Author(s): PlanasPaz L, Lammert E
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Abstract The lymphatic vasculature is essential for fluid homeostasis and transport of immune cells, inflammatory molecules, and dietary lipids. It is composed of a hierarchical network of blind-ended lymphatic capillaries and collecting lymphatic vessels, both lined by lymphatic endothelial cells (LECs). The low hydrostatic pressure in lymphatic capillaries, their loose intercellular junctions, and attachment to the surrounding extracellular matrix (ECM) permit passage of extravasated blood plasma from the interstitium into the lumen of the lymphatic capillaries. It is generally thought that interstitial fluid accumulation leads to a swelling of the ECM, to which the LECs of lymphatic capillaries adhere, for example via anchoring filaments. As a result, LECs are pulled away from the vascular lumen, the junctions open, and fluid enters the lymphatic vasculature. The collecting lymphatic vessels then gather the plasma fluid from the capillaries and carry it through the lymph nodes to the blood circulation. The collecting vessels contain intraluminal bicuspid valves that prevent fluid backflow, and are embraced by smooth muscle cells that contribute to fluid transport. Although the lymphatic vessels are regular subject to mechanical strain, our knowledge of its influence on lymphatic development and pathologies is scarce. Here, we discuss the mechanical forces and molecular mechanisms regulating lymphatic vascular growth and maturation in the developing mouse embryo. We also consider how the lymphatic vasculature might be affected by similar mechanomechanisms in two pathological processes, namely cancer cell dissemination and secondary lymphedema.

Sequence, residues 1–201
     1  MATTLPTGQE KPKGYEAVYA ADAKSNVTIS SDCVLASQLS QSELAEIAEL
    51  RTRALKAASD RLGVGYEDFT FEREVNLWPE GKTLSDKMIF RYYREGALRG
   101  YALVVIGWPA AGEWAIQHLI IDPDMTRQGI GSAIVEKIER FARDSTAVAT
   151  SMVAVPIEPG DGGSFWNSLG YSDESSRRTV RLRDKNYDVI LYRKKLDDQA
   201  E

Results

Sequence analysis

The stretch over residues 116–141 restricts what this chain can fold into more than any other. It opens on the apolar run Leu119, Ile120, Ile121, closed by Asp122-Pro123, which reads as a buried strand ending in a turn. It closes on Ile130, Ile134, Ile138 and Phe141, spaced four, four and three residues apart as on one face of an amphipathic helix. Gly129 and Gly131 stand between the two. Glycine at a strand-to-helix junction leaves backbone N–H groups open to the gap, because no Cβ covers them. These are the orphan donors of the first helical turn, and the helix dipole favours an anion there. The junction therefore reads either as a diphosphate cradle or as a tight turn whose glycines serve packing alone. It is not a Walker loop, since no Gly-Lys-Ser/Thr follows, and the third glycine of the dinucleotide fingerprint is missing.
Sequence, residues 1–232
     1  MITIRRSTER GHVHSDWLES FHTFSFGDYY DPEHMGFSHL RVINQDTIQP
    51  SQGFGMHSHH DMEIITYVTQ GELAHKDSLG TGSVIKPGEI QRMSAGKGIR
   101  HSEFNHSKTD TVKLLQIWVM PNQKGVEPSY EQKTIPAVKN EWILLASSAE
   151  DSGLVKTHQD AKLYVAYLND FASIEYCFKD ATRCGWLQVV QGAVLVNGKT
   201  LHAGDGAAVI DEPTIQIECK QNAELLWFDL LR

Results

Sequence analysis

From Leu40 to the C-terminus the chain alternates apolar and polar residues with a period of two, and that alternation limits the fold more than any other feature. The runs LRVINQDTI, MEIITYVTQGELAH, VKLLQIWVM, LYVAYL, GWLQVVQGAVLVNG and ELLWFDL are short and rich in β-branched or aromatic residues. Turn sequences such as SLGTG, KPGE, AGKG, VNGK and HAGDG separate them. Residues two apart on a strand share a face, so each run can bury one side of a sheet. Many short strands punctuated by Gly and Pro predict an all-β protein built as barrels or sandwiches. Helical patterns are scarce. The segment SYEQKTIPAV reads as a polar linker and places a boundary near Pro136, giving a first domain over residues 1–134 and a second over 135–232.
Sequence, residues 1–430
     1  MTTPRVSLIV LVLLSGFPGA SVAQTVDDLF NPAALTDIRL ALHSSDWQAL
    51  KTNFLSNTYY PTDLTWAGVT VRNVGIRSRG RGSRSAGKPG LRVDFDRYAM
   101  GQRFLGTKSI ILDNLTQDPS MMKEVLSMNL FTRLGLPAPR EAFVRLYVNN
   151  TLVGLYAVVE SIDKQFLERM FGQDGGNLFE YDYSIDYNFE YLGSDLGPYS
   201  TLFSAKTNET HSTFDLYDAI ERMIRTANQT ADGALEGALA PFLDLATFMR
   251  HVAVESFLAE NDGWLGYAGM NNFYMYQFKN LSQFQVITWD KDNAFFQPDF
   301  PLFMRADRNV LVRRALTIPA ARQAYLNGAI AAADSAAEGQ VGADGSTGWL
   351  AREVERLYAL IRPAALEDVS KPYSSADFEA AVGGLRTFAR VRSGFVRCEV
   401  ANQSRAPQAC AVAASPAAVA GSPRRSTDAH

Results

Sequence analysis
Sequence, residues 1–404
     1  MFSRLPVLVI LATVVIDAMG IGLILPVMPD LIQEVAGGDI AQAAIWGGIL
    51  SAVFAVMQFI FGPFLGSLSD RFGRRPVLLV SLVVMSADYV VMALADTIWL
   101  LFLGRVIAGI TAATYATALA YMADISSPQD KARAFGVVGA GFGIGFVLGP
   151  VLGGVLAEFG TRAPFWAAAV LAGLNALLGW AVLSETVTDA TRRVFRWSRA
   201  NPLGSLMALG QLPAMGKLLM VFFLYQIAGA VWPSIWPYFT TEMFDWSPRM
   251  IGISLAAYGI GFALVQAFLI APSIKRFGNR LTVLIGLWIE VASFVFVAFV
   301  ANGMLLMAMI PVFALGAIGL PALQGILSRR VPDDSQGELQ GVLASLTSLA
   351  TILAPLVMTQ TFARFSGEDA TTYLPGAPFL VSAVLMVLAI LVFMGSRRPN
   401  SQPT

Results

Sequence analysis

This article was published in Cell Mol Life Sci
and referenced in Journal of Clinical & Cellular Immunology